Syracuse University Magazine


SU students Brian Michaud (standing), Caleb Brewer '13 (left) and Stephann Dubois '14 (second from left) work with Haitian students as part of an initiative to install wireless networks at several State University in Haiti campuses.  

Networking in Haiti

In January 2010, Stephann DuBois thought the world was ending. He felt the classroom shake. "I waited for death to take me," says Dubois, who was in his home country of Haiti at the time. When he realized it was an earthquake, he jumped out of a second-story window. "My will to live kept my legs from breaking," says Dubois, now a sophomore in the L.C. Smith College of Engineering and Computer Science. During the next several hours, he walked 30 miles to his house because traffic had made it impossible to drive.

Although the widespread destruction led Dubois to attend Syracuse University instead of a Haitian university, he always planned to use what he learned at SU to help Haiti. For one week this summer, he did just that. As part of a group of Syracuse University faculty, staff, and students, he visited Port-au-Prince to install wireless networks in three of the 11 campuses of the State University in Haiti (UEH). "It marked the beginning of my footsteps toward my goal to use this education—to exploit my knowledge—to help my country going forward," Dubois says.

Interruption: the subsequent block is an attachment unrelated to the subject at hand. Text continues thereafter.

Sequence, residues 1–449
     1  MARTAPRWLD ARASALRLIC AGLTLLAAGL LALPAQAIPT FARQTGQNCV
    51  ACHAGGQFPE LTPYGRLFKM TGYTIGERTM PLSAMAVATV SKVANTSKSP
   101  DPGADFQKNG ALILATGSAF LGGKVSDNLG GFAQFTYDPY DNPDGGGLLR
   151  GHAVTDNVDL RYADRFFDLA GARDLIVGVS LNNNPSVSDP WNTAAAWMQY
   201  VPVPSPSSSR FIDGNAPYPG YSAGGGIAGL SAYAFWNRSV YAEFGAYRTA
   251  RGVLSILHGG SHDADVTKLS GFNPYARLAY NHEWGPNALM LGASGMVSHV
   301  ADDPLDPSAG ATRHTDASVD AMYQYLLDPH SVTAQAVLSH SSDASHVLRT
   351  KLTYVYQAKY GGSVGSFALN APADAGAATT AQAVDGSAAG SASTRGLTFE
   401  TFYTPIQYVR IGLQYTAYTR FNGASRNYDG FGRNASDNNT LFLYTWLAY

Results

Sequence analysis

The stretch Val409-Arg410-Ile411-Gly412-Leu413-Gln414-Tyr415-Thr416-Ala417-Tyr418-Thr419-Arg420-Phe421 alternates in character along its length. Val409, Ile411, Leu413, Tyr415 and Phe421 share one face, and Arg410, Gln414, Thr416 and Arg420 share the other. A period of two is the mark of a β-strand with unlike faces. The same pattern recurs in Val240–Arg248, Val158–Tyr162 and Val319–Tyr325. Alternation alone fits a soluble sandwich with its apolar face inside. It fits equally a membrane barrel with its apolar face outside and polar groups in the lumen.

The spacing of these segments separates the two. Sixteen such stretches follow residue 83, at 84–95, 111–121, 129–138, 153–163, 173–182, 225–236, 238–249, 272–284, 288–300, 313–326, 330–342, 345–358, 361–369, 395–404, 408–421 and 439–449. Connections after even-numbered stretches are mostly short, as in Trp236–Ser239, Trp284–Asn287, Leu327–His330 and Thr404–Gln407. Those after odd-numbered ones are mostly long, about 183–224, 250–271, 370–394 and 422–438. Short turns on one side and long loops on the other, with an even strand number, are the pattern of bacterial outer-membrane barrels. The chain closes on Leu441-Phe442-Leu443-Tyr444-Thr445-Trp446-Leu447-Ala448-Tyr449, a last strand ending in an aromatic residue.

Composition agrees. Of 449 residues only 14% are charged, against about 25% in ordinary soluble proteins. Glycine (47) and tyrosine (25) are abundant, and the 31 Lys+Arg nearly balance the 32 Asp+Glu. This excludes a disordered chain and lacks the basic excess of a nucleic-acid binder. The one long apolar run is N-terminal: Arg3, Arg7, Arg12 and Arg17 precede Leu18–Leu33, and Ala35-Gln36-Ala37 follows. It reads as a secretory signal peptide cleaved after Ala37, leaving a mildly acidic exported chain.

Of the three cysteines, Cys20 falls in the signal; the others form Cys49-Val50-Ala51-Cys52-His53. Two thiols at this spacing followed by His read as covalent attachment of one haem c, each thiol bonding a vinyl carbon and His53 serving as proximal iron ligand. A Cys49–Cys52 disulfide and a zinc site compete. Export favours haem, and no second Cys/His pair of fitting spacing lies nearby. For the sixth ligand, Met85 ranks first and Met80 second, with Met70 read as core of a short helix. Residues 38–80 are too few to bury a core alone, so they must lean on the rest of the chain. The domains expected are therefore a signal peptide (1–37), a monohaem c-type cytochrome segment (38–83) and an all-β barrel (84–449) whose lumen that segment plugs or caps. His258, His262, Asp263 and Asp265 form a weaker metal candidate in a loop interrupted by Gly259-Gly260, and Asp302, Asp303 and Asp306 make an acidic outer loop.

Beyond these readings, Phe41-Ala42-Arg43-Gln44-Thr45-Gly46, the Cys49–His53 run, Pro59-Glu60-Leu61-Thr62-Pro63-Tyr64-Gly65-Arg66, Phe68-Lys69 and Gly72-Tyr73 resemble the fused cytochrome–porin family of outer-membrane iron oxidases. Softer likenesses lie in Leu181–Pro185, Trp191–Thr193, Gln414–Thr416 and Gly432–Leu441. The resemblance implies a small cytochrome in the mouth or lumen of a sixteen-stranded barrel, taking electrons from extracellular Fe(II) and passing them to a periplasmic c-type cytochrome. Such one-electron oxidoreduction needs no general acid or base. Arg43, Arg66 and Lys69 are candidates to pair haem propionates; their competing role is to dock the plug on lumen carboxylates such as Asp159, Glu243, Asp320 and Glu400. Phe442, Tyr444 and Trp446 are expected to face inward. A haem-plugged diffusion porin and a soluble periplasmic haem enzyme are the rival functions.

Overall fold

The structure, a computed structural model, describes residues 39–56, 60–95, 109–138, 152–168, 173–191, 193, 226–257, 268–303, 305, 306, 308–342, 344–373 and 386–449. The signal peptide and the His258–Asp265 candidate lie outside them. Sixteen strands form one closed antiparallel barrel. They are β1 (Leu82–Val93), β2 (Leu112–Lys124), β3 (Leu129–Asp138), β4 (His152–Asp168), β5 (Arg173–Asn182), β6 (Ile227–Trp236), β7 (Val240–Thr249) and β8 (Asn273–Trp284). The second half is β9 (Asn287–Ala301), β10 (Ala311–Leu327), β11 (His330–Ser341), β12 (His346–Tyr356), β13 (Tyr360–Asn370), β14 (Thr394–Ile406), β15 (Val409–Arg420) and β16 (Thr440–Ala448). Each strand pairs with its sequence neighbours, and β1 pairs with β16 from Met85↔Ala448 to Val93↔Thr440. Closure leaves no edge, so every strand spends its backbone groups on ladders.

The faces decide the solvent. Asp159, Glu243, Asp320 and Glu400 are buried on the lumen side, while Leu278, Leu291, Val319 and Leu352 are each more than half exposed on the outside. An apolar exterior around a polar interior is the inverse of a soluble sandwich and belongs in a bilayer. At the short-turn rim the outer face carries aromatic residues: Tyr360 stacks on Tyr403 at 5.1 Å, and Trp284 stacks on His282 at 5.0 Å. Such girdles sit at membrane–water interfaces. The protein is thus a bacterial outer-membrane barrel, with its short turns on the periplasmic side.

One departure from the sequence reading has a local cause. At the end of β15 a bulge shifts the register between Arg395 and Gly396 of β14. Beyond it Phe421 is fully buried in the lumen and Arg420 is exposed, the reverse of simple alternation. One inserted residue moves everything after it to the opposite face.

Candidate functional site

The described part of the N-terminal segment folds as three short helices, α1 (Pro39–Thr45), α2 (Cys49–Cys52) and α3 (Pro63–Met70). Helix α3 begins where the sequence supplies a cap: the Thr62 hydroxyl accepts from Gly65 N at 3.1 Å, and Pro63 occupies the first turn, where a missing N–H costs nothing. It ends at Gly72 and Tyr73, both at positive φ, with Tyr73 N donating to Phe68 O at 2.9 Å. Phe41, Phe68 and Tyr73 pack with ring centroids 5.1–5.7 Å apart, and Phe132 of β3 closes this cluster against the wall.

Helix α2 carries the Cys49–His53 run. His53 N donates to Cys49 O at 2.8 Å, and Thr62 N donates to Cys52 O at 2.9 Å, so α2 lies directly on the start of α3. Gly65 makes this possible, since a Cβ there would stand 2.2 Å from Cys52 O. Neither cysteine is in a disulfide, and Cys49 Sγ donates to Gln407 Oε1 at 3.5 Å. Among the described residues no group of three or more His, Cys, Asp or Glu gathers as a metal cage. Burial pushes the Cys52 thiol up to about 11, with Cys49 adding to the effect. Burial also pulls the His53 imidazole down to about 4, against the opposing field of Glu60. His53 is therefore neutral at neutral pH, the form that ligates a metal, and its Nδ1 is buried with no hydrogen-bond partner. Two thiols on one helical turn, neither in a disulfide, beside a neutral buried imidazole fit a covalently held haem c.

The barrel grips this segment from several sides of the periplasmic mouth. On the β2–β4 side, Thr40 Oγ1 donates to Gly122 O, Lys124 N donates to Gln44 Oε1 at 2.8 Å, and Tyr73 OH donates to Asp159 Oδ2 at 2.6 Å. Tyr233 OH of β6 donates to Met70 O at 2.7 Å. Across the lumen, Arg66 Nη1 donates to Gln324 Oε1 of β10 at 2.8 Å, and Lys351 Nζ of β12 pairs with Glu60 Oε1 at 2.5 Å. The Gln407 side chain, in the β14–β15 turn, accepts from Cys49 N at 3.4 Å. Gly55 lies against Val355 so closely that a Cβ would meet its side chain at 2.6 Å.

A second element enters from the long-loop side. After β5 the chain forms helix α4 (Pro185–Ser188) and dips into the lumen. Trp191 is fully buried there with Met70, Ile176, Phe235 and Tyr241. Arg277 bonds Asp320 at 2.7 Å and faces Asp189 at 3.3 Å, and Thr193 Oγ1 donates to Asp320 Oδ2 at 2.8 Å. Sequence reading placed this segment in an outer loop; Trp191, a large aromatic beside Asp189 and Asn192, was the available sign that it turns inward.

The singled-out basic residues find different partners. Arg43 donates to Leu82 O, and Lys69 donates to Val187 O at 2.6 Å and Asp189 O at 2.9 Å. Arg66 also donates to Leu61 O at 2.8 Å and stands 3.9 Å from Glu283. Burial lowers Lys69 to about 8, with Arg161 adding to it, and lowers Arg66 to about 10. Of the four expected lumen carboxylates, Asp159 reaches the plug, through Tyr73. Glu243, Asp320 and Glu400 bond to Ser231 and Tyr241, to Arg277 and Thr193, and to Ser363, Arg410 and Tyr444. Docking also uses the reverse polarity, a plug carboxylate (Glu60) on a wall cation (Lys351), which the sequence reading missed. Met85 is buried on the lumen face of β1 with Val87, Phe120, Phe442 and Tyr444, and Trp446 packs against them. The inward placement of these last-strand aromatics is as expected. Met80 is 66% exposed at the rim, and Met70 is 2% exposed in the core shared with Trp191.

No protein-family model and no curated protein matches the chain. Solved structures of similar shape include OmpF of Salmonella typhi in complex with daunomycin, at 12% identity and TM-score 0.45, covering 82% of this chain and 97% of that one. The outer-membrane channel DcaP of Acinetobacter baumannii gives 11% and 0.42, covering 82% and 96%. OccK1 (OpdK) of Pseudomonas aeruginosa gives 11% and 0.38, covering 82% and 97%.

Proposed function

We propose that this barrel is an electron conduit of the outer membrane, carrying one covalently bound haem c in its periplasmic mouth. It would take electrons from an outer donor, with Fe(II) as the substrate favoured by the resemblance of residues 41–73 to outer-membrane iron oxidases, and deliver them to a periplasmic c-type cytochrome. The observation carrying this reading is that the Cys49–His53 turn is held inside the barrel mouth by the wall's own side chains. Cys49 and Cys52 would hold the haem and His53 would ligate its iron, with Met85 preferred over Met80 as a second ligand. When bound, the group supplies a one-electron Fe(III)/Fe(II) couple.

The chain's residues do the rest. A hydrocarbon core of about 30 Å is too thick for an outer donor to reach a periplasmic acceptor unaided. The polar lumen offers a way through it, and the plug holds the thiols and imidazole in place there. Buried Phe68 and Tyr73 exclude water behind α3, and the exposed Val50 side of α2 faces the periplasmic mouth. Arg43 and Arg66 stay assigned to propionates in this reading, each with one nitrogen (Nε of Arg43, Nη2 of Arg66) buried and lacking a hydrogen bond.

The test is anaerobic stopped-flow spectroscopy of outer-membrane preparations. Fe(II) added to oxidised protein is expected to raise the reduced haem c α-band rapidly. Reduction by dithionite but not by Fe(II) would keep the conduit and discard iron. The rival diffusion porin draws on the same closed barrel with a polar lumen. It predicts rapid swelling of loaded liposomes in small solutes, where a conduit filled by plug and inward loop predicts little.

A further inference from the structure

SU's Information Technology and Services (ITS) department helped coordinate and carry out the project after the University's Haiti Support Committee proposed it. The support committee, a faculty group formed last spring, also developed an exchange program for UEH students to earn graduate degrees in accounting, engineering, and information technology at Syracuse. Work for the wireless project began in May, when faculty and staff traveled to Haiti to gather information and develop a plan in collaboration with UEH. A group of 11 people then set up the wireless networks this summer. ITS is continuing discussions with UEH to explore further opportunities for collaboration.

With Internet access, UEH can leverage what little it has, according to Achille Messac, Distinguished Professor and chair of mechanical and aerospace engineering at L.C. Smith College. Messac, who grew up in Haiti, worked to install the networks this summer and has been involved with the exchange program. He says students can now access current academic information, international news, and distance-learning opportunities through the web. "So much of what makes a university a university is driven by technology," says Lee Badman, an information technology analyst, who went to Haiti with ITS in the spring and summer.

The Syracuse team enjoyed Haiti's natural beauty and culture, but also felt overwhelmed by the earthquake damage. One site was particularly emblematic of Haiti's condition for Messac, who had not been to his native country in almost four decades. The landscape had changed, with about 20 one-room shacks now occupying the site of his two-story childhood home.

The team faced many challenges during its stay. Equipment—donated by Syracuse University and the wireless technology company Bluesocket—was held in customs, and tropical storm Emily forced students to stay at their hotel for one day. The group made up for lost time, putting in 14 hours on its last day. The marathon final day of installing cables—using everything from hammer drills to shovels—left the team sweaty, tired, and covered in dirt and concrete dust. But the demanding work was worth it.

The reactions of Haitian faculty, staff, and students justified the long hours. In particular, Dubois remembers a student who approached the team with a big smile and said he couldn't wait to learn information about his field unavailable in his textbooks. "The Internet—it's the opportunity to develop this passion they have," Dubois says. —Sarah Jane Capper